Portugal: Growing Fruit and Vegetables – September

August passed with a blink of an eye and before I realised, it was September. Unfortunately, I failed in my personal challenge to record my “August” gardening “ups and downs” along with photographic evidence. Fortunately I made some notes, which I’ve recorded below, but photographs are like hen’s teeth (non-existent)

A bug called citrus leaf miner attacked my lemon and lime trees so I attempted to treat with a spray consisting of
100ml (2 cups) of vegetable oil
25ml (1/2 cup) of washing up liquid

I then added 1 tablespoon of the above concoction to one litre of water and sprayed all the leaves once a week for four weeks.

Citrus leaf minor

Citrus leaf minor

The concoction proved unsuccessful and the leaf miner still rules supreme!

In fact, my garden is proving to be a real haven for all types of bugs and diseases and treating them is like trying to climb a greasy pole. Attempting to grow my own fruit and vegetables in containers and in my little raised vegetable area is proving to be quite a challenge and battle of wills. Thank goodness for my tenacious spirit!

The lettuce and corn salad seeds, planted in early August, despite my devoted attention to their needs failed to germinate. Bah humbug! Eventually I conceded defeat and purchased some lettuce plugs from the local market. My other purchases included a couple of sage plugs and cucmbers for 10cents each, and dare I say one zucchini. The stallholder laughed at my requests and I responded a Portuguese shrug and a smile. The poor guy has long since given up hope of selling me the normal minimum quantity of ten plants per variety.

On a positive note, my successes in August included: one orange and several red peppers, french beans, cucumbers, lettuce, cherry and plum tomatoes, chili peppers, lemons and some strawberries.

September
August merged seamlessly into September, the drought continued and the bugs, despite my best efforts continued to thrive and multiply.

The latest visitor to take up residence bored its way into several of the tomatoes, growing in pots. Once discovered I quickly disposed of these and then wished I’d cut open one of the tomatoes to discover who had moved in. I’m still none the wiser as to their identity – any clues please?

An insect bored into my tomato

An insect bored into my tomato

The cherry tomatoes, both in pots and in the raised bed yielded an abundance of sweet ripe tomatoes. However, the variety (breed unknown) shown here, just refused to ripen. I even placed banana skins close by, to encourage the ripening process. Well that was a waste of time as the banana skins eventually shrivelled to nothing and my tomatoes were still a yellowy-green. Patience is not always my strong point so I picked several pounds of the greenest tomatoes and made green tomato chutney. If it’s successful I will share the recipe at a later date.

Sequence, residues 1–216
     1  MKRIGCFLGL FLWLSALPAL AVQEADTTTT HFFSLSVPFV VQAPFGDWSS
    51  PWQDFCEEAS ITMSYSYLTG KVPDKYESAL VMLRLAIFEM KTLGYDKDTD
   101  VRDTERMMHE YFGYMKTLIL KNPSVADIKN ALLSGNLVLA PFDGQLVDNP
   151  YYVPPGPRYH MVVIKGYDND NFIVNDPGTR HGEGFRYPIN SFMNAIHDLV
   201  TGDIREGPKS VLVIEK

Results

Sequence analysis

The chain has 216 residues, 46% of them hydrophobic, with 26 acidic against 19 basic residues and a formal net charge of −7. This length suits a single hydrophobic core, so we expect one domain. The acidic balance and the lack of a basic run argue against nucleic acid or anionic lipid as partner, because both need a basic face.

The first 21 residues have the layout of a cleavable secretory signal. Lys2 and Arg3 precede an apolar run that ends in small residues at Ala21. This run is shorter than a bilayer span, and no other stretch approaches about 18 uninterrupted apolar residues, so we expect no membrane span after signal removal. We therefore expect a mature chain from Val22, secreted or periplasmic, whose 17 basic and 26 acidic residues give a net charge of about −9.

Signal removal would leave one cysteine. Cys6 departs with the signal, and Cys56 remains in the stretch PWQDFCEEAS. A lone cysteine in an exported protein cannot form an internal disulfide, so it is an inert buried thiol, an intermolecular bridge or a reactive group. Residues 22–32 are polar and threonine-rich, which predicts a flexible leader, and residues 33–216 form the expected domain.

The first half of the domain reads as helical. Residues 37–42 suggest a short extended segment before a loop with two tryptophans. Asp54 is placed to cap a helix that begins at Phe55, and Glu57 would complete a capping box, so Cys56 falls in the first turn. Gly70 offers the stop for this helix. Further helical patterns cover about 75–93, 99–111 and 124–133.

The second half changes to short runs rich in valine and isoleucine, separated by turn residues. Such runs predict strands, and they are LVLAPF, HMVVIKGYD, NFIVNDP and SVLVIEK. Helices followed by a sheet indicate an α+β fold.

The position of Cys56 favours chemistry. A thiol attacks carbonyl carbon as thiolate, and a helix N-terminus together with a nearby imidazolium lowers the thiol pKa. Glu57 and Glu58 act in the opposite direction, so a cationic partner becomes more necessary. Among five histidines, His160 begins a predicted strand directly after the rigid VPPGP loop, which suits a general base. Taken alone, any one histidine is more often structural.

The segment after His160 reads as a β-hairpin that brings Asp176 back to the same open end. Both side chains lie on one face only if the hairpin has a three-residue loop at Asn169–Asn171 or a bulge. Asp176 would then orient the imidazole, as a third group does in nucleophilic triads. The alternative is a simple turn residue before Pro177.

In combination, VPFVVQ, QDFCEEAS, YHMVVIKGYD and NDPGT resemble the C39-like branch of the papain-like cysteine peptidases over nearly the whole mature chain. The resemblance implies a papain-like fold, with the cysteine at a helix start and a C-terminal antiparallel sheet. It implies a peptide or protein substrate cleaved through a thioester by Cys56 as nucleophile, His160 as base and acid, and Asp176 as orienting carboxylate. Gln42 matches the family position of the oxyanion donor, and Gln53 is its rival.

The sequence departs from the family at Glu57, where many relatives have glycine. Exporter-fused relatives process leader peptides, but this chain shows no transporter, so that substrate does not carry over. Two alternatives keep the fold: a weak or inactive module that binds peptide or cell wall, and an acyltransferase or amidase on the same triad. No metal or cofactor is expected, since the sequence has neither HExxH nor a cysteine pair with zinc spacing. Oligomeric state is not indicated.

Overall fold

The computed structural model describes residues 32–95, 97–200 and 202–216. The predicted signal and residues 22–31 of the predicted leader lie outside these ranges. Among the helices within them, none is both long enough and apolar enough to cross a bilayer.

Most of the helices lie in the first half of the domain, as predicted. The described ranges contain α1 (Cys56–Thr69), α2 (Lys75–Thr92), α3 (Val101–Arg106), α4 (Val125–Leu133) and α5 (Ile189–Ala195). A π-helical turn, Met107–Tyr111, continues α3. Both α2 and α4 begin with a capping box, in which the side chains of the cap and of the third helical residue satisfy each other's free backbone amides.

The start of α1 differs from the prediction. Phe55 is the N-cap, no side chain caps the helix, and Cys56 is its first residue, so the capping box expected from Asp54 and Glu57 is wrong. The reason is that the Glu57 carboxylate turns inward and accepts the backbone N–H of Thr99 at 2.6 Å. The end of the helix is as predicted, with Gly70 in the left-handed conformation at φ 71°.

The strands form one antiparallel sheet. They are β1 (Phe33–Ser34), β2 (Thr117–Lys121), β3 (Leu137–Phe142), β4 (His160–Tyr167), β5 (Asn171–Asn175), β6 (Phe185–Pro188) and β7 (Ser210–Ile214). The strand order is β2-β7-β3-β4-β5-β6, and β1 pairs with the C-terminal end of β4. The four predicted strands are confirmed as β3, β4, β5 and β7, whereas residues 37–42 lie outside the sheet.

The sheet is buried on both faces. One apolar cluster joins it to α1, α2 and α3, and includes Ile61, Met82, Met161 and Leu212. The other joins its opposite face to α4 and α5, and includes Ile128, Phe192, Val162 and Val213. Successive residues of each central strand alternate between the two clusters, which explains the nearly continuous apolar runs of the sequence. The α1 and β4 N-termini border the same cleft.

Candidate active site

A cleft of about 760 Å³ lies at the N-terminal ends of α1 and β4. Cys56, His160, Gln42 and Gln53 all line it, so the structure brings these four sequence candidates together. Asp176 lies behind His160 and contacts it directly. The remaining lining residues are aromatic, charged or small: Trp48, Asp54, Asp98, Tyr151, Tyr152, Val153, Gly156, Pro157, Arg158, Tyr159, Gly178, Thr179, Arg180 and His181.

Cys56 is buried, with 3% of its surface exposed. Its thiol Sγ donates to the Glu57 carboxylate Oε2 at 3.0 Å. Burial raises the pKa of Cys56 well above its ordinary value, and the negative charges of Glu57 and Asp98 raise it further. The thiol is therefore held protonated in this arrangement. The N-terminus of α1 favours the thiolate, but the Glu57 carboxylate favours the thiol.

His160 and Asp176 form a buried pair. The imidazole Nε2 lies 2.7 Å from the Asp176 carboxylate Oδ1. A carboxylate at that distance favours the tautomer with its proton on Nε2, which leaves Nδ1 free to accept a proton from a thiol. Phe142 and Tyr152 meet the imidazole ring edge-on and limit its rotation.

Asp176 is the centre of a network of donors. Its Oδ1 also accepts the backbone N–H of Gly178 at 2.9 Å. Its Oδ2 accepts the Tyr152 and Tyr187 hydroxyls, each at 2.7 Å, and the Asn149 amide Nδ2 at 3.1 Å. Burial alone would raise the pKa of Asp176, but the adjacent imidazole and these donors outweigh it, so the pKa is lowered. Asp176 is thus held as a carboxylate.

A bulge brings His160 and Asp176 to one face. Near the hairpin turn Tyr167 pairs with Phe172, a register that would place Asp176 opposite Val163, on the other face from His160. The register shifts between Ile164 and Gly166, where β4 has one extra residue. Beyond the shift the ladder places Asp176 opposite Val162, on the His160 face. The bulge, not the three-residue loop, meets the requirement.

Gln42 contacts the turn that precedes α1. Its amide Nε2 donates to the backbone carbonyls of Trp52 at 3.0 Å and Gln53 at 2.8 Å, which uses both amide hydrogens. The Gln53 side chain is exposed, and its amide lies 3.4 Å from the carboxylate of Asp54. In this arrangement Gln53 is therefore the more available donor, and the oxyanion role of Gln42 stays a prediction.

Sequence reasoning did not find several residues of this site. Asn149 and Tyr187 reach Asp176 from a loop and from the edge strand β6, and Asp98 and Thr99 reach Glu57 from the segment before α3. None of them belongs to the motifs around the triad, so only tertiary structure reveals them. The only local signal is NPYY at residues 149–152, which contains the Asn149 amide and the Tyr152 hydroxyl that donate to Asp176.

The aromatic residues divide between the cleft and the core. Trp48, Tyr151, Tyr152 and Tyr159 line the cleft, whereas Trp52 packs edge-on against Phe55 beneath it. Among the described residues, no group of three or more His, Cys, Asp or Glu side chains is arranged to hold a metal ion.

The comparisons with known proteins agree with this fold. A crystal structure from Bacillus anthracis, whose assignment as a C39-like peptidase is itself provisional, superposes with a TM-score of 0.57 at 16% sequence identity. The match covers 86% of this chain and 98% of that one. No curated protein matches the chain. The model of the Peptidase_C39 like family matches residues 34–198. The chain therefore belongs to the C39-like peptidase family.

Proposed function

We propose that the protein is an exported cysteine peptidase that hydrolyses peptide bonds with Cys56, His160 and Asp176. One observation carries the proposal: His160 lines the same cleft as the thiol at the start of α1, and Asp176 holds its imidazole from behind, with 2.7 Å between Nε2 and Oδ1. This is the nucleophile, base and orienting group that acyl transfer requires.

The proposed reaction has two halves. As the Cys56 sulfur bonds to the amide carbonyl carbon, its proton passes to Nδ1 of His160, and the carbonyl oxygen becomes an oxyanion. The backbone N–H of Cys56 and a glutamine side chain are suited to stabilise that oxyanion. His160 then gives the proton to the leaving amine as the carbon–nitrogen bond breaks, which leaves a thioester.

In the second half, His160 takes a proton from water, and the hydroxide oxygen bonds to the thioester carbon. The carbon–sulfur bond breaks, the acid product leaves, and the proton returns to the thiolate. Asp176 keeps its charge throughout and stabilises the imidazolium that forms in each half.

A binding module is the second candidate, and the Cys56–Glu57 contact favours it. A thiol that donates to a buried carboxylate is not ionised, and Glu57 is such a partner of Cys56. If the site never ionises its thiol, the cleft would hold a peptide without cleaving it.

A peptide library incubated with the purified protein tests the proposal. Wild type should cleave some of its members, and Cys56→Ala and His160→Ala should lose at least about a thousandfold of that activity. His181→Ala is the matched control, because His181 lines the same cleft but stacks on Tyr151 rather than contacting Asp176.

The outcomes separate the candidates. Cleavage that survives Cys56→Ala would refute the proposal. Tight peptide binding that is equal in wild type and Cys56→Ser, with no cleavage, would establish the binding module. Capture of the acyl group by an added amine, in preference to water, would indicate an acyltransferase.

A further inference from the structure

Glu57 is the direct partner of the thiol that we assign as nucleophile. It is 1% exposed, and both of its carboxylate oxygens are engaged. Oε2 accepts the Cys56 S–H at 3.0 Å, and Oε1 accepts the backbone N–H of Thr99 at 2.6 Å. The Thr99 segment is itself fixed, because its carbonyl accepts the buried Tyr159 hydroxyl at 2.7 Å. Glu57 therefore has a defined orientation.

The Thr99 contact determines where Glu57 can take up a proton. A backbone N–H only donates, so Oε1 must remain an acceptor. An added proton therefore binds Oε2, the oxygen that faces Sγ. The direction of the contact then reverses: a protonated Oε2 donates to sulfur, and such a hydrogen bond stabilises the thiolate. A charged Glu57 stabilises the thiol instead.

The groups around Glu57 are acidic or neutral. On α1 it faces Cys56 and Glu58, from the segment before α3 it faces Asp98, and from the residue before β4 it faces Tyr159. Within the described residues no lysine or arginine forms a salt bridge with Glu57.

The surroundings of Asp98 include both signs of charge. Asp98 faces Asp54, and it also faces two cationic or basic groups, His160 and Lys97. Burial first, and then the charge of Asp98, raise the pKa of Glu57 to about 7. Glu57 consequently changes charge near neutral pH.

Tomato jungle

Tomato jungle

On impulse I bought a packet of seeds labelled something like “mixed salad leaves” Yay! these did germinate and resulted in an interesting, if not strange tasting assortment of salad leaves to go with the lettuce.

Mixed salad leaves growing in a shallow container

Mixed salad leaves growing in a shallow container

The first crop of aubergines from the plugs I planted on the 16th of June are now ready for harvesting.

Beringela or aubergine

Beringela or aubergine

A quick snapshot of my raised veg garden below reminds me the parsley which self seeded survived the summer and continues to grow well. Why do seeds grow best where they self-seed?

Leeks, parsley and orange peppers

Leeks, parsley and orange peppers

The leeks planted in June have struggled for survival during the hot dry summer months. They’ve survived but they resemble oversized spring onions rather than leeks.

Strawberry runners

Strawberry runners

My strawberry supply ceased in early September and the established plants sent out runners which I potted up while they were still attached to the mother plant.

Potatoes grown in pots

Potatoes grown in pots

I planted potatoes in pots on the 24th of June and we harvested the first pot (enough for two servings) beginning of September. I felt really pleased with myself until I discovered that you should not plant potatoes and tomatoes near each other because they are both prone to blight. I later identified one of my potato plants had blight, which in turn spread to several of my tomato plants which then had to be destroyed.

Cucumber grows well in pots

Cucumber grows well in pots

I have a couple of pots of cucumbers and apart from battling with Downy Mildew or Anthracnose the cucumbers are delicious! Blogger, Growing Up in the Garden , suggested keeping downy mildew at bay with a 50/50 milk/water solution. Use a spray bottle to apply solution to the leaves, removing those that are too far gone. So far so good and it has definately helped.

I also planted a couple of baby cucumber plants in the hope I can continue to grow my own cucumbers in a sheltered position during the winter; we will see!

Overall considering August and September were so dry and hot they proved quite productive. However, next year I will not grow orange peppers as they take far too long to fruit and then turn orange.

Related posts
Portugal: Growing Fruit and Vegetables in July
Portugal: Growing Fruit and Vegetables in Containers – July
Portugal: Growing Fruit and Vegetables in Pots – June
Problem Cucumbers – Is it Anthracnose, Downy Mildew or…?
Garden Diary: Container Gardening – Cochonilhas or Mealybugs?
How did I kill my tomato plants?
Global Warming and Zucchini
Growing fruit and vegetable in December

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46 responses to “Portugal: Growing Fruit and Vegetables – September

  1. I love how you have your garden set up.

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  2. I had no idea growing things was so complicated, but the results look great.

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  3. Pingback: Portugal: Growing Fruit and Vegetables – September | Piglet in … | The Garden Seeds

  4. I’m sure hoping my pot has potatoes like that. Giving it all the time I can.

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    • Hi Alice, I just waited until the foliage died down, because I figured if there was not much foliage, there would be no more nutrients going to the potatoes. It was purely an experiment and I’m already chitting some more potatoes ready for the next batch 🙂 Good luck with yours!